Whatever. I went the following Thursday for the stereotactic biopsy. Let me say now, if you have neck problems (I have three bulging disks, severe spinal stenosis, and other various neck issues that cause me pain), don’t do the stereotactic unless you have no other choice. Your breast will be claimed into a mammo machine after it is dripped through a hole in a table, your arms will be in the ‘swimming’ position, and you will be facing the wall, and will not be able to move for the entire procedure (mine was at least 17 hours. OK, it only felt that way, it was probably 45 minutes). I didn’t even get to meet the doctor doing the procedure, just got to hear her yell at me to not move, “We’re working with millimeters here!” They took about eight samples, steristripped me up, and sent me on my way. ”We will have results tomorrow by 3 pm.”
When I hadn’t heard anything by 4 pm, I was worried. I called the number the rad tech gave me. The person who answered the call stuttered when I asked for the results. ”Uh… you have to call your doctor for those. I’m faxing it to her RIGHT NOW, so call her RIGHT NOW.” I knew that didn’t sound good, but also knew I was supposed to get the results from Dr. Millimeters. ”I am supposed to get the results from Dr. Millimeters–can I talk to her?” “Uh… sure, call her RIGHT NOW.” Great.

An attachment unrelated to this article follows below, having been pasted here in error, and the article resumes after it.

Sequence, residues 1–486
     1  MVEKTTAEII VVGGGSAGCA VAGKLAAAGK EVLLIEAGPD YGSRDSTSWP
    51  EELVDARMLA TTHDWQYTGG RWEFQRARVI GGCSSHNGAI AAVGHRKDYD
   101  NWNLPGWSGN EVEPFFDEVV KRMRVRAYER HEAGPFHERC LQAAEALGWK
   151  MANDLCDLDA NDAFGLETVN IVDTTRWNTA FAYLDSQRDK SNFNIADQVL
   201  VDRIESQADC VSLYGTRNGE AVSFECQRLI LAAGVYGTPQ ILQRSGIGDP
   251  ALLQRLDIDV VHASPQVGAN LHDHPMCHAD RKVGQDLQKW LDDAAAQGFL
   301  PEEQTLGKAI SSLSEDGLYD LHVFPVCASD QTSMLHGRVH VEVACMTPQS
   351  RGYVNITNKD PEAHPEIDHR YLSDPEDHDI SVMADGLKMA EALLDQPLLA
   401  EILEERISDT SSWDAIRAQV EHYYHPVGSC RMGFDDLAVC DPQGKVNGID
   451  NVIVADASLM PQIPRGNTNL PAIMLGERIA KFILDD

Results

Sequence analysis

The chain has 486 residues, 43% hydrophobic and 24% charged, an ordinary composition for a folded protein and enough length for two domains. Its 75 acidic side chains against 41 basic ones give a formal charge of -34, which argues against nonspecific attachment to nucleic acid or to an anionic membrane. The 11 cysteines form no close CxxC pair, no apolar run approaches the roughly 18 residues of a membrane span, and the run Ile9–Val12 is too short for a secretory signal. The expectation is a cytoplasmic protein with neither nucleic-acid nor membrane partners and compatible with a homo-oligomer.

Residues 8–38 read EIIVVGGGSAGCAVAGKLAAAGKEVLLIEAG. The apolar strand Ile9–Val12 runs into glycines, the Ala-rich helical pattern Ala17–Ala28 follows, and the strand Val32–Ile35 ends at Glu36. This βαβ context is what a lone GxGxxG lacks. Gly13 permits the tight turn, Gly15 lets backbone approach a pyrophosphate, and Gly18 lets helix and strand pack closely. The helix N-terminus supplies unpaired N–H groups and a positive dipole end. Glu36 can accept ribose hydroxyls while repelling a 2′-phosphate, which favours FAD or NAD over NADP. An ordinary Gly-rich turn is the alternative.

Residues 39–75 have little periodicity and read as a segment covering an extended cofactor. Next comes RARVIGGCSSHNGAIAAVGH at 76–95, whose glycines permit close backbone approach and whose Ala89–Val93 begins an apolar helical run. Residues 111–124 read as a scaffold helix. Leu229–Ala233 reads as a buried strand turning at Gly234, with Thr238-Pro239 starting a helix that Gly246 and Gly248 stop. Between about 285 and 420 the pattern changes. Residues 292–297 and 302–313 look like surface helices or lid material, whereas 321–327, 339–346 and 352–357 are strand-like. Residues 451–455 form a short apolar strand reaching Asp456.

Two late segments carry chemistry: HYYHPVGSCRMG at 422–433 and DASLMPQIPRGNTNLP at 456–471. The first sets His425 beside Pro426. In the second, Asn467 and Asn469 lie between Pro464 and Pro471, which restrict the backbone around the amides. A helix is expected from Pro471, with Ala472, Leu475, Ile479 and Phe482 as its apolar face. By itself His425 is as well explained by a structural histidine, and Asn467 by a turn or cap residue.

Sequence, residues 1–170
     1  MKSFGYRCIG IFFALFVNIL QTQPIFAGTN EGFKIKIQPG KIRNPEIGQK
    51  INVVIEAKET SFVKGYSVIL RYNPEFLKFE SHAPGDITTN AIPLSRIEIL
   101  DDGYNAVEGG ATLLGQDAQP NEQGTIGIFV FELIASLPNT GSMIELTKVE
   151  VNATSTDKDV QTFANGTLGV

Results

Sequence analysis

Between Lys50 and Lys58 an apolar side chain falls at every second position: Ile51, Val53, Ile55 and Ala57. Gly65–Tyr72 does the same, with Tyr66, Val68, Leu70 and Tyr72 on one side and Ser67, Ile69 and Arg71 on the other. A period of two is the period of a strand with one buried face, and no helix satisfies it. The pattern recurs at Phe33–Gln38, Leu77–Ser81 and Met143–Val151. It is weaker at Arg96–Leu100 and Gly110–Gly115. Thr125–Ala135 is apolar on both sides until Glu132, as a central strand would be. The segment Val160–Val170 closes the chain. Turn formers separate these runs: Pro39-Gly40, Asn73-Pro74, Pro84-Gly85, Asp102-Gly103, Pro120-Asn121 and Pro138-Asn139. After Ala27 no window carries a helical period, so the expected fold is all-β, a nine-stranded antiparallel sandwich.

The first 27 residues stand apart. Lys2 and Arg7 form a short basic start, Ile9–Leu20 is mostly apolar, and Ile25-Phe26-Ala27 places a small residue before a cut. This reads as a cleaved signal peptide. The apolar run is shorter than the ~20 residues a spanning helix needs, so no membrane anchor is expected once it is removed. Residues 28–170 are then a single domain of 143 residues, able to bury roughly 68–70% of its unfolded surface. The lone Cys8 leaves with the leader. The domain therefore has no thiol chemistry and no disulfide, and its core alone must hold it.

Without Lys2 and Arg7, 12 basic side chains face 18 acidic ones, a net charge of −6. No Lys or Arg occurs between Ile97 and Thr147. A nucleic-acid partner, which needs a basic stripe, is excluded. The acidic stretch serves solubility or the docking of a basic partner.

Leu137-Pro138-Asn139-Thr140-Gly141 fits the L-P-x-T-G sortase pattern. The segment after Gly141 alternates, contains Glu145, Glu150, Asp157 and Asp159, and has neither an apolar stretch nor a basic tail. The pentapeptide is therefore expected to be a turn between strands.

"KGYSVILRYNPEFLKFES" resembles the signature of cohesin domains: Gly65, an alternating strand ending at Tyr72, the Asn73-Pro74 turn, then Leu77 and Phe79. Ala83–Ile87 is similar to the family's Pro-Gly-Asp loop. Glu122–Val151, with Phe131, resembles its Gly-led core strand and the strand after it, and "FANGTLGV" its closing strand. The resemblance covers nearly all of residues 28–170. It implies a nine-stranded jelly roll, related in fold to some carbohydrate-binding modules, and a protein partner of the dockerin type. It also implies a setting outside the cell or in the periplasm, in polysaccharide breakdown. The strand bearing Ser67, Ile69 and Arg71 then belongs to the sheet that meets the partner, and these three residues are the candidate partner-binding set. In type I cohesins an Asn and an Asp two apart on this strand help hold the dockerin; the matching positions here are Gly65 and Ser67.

I called Dr. Millimeters. ”Well, she says, hmmm, you have atypical ductal hyperplasia cells that are detached… you need a excisional biopsy, a lumpectomy…” “Who do I get that from?” I question. ”WTFH???” I think to myself, “a lumpectomy?” ”Oh, well go to a breast surgeon for that” Dr. Millimeters says, dismissively. ”A breast surgeon? I don’t have one–who do I see???” “What do you mean you don’t have one?” “Why would I have one if I haven’t had a problem?” “Oh, we have one here…Dr. Scream. Go see him. Thank you, have a nice day.”
WHAT??? Dear G-d, what now? My DH talks to some of his doctor friends and is told NOT to go to Dr. Scream. Go to Dr. Good. Dr. Good is an excellent surgeon. Great, now I have to shop surgeons. Just get these freaking atypical cells out of my left one! It is my fav! I fed my baby with that–it was his fav, too! I’ve grown attached to it!